RESULTS AND CONCLUSIONS ................................................................................................ 22 5.1

EXPERIMENT 1 ............................................................................................................. 22

5.2

EXPERIMENT 2 ............................................................................................................. 30

5.3

CONCLUSIONS ............................................................................................................. 33

NUMERICAL MODELLING ...................................................................................................... 34 6.1

INTRODUCTION ........................................................................................................... 34

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INPUT DATA ................................................................................................................. 34

6.3

RESULTS ....................................................................................................................... 36 6.3.1 Section A ......................................................................................................... 37 6.3.2 Section B.......................................................................................................... 38 6.3.3 Section C .......................................................................................................... 39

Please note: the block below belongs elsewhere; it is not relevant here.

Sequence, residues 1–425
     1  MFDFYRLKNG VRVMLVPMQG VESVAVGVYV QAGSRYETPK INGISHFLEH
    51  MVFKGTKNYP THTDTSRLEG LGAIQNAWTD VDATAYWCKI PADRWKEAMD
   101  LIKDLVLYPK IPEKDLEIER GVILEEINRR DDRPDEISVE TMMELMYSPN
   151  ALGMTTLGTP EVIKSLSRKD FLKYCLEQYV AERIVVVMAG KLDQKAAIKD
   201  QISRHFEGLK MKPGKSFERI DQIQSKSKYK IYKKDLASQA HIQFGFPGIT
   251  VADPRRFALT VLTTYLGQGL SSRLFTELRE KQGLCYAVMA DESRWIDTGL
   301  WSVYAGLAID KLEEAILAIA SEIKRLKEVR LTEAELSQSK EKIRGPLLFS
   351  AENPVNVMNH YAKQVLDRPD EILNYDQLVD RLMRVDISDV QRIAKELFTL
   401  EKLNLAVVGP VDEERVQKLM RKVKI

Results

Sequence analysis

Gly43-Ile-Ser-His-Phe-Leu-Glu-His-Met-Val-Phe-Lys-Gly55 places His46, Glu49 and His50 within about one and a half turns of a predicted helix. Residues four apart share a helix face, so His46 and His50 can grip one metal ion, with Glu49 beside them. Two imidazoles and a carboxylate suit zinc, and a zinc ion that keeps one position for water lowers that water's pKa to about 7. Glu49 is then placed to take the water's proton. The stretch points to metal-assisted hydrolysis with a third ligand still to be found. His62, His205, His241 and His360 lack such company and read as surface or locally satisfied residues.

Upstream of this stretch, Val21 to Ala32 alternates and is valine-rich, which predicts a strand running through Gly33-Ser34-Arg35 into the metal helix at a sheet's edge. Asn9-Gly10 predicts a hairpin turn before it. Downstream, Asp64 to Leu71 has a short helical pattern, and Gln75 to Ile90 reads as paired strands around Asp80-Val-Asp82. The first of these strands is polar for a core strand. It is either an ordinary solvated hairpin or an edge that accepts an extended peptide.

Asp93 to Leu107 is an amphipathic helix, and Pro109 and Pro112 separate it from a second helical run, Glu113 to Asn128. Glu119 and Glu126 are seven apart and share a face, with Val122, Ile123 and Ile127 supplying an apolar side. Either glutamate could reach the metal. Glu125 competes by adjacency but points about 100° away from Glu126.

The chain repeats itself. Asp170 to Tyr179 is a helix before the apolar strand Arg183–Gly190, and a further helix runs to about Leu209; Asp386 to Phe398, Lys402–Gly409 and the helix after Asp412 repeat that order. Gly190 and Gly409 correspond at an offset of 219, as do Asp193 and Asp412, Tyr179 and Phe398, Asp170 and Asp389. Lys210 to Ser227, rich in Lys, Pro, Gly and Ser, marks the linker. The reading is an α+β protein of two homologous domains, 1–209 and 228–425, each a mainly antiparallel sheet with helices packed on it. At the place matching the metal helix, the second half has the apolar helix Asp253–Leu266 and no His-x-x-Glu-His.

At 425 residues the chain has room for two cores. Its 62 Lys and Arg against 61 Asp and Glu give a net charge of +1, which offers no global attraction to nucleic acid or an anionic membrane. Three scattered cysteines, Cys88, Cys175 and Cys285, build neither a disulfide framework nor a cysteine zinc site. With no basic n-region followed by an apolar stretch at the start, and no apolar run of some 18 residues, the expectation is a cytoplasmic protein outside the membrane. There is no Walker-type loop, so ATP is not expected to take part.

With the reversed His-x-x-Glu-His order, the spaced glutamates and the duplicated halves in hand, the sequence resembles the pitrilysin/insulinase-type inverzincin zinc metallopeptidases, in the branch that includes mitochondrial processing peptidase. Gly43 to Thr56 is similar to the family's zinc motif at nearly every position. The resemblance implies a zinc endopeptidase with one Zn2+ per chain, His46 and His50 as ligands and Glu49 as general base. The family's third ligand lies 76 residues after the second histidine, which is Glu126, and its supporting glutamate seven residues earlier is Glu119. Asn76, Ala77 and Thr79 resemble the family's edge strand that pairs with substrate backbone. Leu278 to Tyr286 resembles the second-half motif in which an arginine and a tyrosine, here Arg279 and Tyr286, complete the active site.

6.4 7.

GENERAL RESULTS DISCUSSION .................................................................................. 41

FURTHER DEVELOPMENTS .................................................................................................... 41 7.1

SAT-MAR AREA NEEDED FOR TREATMENT ................................................................. 41

7.2

WATER BALANCE ......................................................................................................... 47 7.2.1 Precipitation and evapotranspiration.............................................................. 47 7.2.2 Basin infiltration capacity ................................................................................ 49

BIBLIOGRAPHY ....................................................................................................................................... 50